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Oil In the Diesel Fuel

Dirty hand w wrench

Diesel engines are very robust. Quite often, they can literally pull all of the engine oil out of the system and burn through it with their regular fuel burn and barely even notice. This is what basically happened to user dlt630 in our forums when his 2001 Ford F-550 PowerStroke began sucking engine oil and burning it away.

The problem is relatively simple: fuel injector O-rings can fail, leading to engine oil being almost literally pumped into the fuel injector ports and into the chamber to be burned with the diesel fuel on combustion. When the cylinder is not on its burn cycle, the oil can be pulled through the system into the return fuel lines and sent back to the fuel tank, where it dilutes with the diesel and comes back again to be burned (or clogged in the water/fuel filters).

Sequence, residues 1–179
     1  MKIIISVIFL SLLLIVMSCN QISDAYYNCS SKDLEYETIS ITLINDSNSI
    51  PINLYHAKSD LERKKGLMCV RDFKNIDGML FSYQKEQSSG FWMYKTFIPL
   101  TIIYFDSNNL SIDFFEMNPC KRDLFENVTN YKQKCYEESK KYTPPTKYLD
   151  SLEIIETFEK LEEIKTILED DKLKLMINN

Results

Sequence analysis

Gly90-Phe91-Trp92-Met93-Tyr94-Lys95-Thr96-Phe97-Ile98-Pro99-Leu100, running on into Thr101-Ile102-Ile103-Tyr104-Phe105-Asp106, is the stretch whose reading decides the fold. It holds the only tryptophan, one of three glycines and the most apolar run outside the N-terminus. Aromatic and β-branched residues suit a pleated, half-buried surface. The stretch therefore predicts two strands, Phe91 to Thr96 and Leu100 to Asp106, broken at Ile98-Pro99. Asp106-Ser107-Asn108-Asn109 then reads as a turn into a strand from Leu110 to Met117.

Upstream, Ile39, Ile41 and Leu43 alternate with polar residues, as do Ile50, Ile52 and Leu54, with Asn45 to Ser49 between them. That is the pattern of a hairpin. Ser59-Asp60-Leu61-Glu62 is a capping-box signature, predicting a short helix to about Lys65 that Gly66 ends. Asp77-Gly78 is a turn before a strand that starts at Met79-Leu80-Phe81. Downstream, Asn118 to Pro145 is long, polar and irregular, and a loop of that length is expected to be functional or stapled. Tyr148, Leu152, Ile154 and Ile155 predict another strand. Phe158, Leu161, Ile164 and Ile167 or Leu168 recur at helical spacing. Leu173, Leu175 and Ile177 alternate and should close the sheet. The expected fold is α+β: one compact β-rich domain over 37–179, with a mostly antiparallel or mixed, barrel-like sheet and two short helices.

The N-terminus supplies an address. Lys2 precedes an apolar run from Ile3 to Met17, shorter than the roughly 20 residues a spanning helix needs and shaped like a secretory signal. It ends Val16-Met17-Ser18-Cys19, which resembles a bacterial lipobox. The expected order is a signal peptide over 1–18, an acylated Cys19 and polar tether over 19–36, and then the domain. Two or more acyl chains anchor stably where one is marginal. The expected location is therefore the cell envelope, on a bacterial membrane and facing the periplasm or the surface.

The first step to find out whether your fuel system is sucking the engine of its lubricating oil is to pull the fuel and water filters. Most likely, they will have a lot of oil residue in them or the fuel poured out of them will be black and murky rather than the usual amber color of diesel fuel.

The next step is to pressurize the fuel rails to test for leaks. Most well-outfitted shops working on diesel engines will have injector connectors for the shop's compressed air system. Using these, a technician or DIY mechanic can pull and check each pressure line across the cylinder heads. When fuel or air escapes from the fuel galley, you have a bad O-ring.

Many mechanics, finding one bad ring, will assume all on that head are bad and replace them as a matter of course. This is as much preventative maintenance as it is to keep the maintenance schedule simple.

Once the offending O-ring(s) have been replaced, recheck and then put the engine back together and try it again. Most of the time, this will fix oil getting into the fuel in a diesel engine.